Right now, at age 73 and with the impending retirement of Justice Stephen Breyer, he is the most age-vulnerable member of the Supreme Court, and there were plenty of progressives gleefully hoping for his death when he was recently hospitalized.

As Jane Mayer pointed out in the New Yorker, Ginni Thomas has been active in pro-life as well as pro-Trump causes, and thanks to the leak of the Supreme Court’s draft opinion on abortion, we know her husband’s constitutional views on that issue, too.

It would be nice for progressives, wouldn’t it, if our system could legally force the recusal—or better yet, the impeachment—of every conservative Supreme Court justice whose spouse expressed forceful views on this and other conservative issues? We might start with the neutralization of Clarence Thomas.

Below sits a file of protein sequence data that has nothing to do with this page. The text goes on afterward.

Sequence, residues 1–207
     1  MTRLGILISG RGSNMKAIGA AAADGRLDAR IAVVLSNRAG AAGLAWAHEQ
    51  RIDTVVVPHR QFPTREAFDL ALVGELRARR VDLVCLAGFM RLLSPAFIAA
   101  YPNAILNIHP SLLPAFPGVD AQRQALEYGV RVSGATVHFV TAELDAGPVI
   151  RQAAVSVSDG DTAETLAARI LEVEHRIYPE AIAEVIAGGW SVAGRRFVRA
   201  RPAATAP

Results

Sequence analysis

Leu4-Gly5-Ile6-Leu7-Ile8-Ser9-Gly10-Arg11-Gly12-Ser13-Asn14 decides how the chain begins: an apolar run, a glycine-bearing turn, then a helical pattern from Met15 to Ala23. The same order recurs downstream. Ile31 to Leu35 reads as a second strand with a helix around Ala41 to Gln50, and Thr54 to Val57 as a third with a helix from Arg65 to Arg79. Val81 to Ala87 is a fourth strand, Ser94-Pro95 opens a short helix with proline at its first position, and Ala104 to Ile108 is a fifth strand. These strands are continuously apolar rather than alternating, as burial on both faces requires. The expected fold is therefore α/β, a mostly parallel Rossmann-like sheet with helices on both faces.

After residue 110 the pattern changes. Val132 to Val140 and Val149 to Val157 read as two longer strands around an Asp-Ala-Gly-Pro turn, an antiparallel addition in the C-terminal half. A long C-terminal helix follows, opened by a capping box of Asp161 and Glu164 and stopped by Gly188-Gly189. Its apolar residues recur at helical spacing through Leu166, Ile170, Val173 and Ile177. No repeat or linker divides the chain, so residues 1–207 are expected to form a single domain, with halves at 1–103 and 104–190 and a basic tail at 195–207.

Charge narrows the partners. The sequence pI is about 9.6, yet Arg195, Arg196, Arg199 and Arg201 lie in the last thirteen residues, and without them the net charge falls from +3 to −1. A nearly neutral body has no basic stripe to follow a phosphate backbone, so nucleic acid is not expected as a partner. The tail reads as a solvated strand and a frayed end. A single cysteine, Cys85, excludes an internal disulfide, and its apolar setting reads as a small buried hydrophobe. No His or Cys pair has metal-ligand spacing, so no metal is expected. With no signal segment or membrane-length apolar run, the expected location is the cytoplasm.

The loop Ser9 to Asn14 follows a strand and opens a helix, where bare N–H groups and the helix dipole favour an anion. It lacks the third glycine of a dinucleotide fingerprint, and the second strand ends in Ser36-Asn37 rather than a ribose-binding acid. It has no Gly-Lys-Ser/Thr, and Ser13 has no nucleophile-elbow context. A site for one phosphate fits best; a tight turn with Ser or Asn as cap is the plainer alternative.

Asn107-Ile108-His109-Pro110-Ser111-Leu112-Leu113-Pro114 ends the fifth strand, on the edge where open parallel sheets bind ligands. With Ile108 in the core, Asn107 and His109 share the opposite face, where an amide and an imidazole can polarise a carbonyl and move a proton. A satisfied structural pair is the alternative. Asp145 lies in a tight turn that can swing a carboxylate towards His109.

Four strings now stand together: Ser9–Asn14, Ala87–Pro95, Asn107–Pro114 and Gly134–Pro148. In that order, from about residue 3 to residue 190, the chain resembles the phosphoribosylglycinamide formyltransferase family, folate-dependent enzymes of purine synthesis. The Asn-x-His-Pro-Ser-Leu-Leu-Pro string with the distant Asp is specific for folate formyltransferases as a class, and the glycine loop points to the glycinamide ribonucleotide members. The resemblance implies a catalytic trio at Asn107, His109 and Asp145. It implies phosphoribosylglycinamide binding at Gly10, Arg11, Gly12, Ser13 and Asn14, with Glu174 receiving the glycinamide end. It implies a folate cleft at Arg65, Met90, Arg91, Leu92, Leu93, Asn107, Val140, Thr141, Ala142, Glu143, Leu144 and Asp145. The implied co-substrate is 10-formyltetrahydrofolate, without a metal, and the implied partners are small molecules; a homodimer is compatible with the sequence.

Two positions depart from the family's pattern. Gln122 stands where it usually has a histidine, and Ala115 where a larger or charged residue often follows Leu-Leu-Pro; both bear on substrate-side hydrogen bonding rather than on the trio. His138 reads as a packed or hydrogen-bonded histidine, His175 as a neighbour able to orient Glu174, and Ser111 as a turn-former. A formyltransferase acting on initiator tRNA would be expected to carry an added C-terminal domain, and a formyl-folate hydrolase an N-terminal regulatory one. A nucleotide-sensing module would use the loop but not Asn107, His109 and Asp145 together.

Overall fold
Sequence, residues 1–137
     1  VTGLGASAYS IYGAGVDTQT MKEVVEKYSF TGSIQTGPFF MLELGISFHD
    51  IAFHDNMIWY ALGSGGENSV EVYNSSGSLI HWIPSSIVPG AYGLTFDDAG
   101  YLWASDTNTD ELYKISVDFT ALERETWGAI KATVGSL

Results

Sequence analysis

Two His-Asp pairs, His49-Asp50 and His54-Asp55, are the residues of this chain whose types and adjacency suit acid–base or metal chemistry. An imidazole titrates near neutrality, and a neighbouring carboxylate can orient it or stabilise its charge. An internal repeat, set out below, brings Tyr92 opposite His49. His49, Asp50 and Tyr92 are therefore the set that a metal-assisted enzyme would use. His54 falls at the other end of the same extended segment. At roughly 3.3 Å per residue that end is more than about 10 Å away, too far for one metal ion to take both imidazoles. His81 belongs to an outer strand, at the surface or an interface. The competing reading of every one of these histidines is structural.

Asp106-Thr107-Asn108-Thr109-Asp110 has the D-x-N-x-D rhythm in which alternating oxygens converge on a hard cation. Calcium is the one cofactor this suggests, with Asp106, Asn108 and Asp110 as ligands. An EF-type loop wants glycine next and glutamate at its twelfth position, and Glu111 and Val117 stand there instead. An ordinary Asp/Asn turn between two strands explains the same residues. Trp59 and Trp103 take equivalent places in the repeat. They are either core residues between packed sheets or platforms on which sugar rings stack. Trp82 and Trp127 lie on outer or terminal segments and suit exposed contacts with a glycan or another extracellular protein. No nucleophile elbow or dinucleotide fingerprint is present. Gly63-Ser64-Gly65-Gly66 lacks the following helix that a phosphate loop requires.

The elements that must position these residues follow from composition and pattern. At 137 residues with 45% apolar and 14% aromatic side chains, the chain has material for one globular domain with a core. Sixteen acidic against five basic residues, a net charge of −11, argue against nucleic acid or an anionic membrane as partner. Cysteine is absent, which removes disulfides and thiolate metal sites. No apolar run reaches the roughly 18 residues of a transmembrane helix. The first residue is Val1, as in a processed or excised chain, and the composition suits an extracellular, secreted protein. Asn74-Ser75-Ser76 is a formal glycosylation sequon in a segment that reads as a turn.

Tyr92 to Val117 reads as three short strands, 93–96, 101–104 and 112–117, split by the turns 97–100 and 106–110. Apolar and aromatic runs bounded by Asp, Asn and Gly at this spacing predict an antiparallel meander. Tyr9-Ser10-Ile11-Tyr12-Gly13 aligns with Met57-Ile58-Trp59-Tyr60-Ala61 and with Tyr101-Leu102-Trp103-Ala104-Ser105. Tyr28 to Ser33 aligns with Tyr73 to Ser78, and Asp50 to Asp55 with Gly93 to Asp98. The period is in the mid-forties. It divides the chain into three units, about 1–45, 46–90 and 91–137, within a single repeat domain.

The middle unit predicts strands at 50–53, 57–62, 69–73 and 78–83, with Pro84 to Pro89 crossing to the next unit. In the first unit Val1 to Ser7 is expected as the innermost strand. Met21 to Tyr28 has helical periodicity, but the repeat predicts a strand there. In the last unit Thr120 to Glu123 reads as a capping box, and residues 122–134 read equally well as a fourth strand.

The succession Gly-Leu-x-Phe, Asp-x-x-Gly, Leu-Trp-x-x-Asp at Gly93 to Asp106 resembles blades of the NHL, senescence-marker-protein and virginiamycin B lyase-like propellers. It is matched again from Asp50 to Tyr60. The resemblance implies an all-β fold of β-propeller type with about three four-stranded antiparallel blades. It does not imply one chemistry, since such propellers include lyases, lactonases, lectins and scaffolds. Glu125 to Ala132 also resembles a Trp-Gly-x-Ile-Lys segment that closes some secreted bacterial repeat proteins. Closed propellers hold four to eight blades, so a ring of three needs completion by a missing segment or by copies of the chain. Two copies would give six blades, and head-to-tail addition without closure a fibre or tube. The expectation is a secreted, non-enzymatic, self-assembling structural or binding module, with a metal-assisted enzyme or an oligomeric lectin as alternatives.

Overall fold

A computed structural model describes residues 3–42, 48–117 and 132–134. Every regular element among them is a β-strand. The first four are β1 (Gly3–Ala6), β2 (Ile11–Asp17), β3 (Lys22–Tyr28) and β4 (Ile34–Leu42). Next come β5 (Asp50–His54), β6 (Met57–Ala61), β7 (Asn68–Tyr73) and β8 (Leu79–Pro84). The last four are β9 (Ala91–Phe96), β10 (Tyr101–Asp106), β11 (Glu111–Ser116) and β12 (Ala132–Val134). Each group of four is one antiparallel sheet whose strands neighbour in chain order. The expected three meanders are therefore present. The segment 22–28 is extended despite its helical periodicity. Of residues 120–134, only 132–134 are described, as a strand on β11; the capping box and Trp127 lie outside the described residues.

Views expressed in this article are opinions of the author and do not necessarily reflect the views of The Epoch Times.
Charlotte Allen is the executive editor of Catholic Arts Today and a frequent contributor to Quillette. She has a doctorate in medieval studies from the Catholic University of America.